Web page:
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Of all the venues in Brighton, it’s the Concorde 2 that for me most embodies the punk-rock spirit. Decently removed from the bourgeois veneer of the city centre, it lurks under the promenade like a vagrant, wine bottle in hand and slurring obscenities at passers-by. My first time there I saw a couple having sex mere metres from the door, and I was inside less than a minute before being offered drugs, a record still unbeaten.

Far apart from the soulless right-angles and anodyne bookings of the Brighton Centre, it’s a venue that revels in its seediness, its walls echoing a Victorian decay at odds with the cutting-edge nature of the line-ups this place attracts: acts tending to occupy the fringes of the mainstream but the tips of people’s tongues. You could draw symbolism from the disused lift in the main room, as if we’re in a realm beneath the world above, nocturnal and half-formed, although you’d probably be spat on before you finished your sentence. If Graham Greene were writing Brighton Rock now, this is where Pinkie would hang out.

So I actually feel winded to find the toilets newly-decorated, cleansed of the contributions of a generation of club and gig-goers, their messages torn from the walls in an exorcism of a large part of the place’s personality, and replaced with a sign telling us not to do it again. Sure, it’s nice to have taps that work now, but this new attempt at hygiene seems entirely misplaced, out of sync with its environment, like the fence at Glastonbury. And it’s a facelift that I hope never extends to the bookings policy.

It takes Youthmovies all of thirty seconds to dispel this fear. They’re stunning, frankly: it’s been a week and I’m still finding myself recommending them to strangers in the street. It’s like a form of Tourettes, but then they are the most impressive support act I’ve seen since Saul Williams (who they’ve performed with, apparently…).

Theirs is the type of music that forces you to reassess what a song is capable of, and like all such bands they defy conventional description. Though they reference pretty much every band worth referencing – Tool, The Mars Volta, Mogwai, Radiohead, Muse… – they’re still their own sound: you could throw a bucketful of genres over them and none would quite stick.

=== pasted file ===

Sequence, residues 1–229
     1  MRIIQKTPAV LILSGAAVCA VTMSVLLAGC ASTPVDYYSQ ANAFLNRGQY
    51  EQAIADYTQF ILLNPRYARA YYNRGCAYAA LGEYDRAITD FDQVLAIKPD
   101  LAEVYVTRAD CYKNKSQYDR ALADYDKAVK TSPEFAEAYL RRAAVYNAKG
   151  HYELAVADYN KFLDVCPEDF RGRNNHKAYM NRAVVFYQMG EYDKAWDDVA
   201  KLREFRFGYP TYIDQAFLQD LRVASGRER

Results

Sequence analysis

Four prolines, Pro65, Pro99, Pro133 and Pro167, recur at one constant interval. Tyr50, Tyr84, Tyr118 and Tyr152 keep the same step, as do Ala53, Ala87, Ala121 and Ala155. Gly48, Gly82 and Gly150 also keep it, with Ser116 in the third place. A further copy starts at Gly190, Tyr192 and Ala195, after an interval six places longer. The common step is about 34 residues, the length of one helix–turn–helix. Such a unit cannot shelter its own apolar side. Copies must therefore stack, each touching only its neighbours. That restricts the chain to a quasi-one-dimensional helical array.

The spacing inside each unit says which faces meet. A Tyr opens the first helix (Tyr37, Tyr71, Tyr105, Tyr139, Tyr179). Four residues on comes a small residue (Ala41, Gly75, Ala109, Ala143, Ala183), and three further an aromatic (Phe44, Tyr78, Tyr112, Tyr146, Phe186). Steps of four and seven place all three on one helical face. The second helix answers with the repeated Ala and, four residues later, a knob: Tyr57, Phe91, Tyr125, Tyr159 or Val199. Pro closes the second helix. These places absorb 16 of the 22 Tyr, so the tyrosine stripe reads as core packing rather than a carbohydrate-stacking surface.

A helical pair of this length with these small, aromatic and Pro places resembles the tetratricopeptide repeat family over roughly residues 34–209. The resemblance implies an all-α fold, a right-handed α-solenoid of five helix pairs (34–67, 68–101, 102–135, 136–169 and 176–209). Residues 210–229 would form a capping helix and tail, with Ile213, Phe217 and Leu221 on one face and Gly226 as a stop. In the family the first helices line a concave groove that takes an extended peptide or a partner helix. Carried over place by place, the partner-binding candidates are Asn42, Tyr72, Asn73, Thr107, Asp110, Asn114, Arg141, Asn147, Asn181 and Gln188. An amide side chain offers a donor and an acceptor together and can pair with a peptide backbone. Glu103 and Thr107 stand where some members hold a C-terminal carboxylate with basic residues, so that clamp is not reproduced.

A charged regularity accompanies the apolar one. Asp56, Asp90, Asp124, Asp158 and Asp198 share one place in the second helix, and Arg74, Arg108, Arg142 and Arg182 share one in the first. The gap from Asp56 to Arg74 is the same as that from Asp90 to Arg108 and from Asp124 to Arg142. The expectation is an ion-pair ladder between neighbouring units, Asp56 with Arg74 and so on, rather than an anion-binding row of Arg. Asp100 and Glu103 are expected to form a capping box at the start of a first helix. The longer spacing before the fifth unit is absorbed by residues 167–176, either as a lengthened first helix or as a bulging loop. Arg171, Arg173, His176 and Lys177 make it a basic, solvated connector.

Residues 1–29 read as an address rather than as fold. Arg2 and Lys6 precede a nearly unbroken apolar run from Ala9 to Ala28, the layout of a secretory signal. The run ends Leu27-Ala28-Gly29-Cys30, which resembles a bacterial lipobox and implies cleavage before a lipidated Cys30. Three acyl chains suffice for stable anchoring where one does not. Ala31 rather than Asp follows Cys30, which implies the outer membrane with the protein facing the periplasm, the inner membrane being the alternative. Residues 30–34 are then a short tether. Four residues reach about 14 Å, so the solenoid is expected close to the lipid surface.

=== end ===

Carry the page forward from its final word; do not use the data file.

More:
With many of their songs loitering around the ten-minute mark they’re a demanding listen, but never a dull one, their sound constantly shifting, their song-structures erratic, constantly thwarting our expectations. The trumpet invokes jazz, but it’s dark and twisted, mangled out of shape by the jagged rhythms and sparing electronica.

Frontman Andrew Mears is a natural focal point, with hints of Thom Yorke in his voice and an intensity that at times borders upon frightening. But it’s trumpet-player Sam Scott that really holds the attention: looking like a younger Philip Seymour-Hoffman he sways hypnotically around the stage, ominous and pensive all at once. It’s the kind of music that causes those present to forget themselves and their inhibitions, sending our minds inwards as our bodies adopt a kind of solipsistic rhythm. All around me this is happening: the long-haired teen in front, the mid-thirties couple to my left, the Goths, the Emos, the Punk-kids and the Dance-freaks, or whatever other tired and lazy label you want to apply: one by one they all surrender until only I seem left, back up against a column unable to shake the ending of Invasion of the Body Snatchers from my thoughts.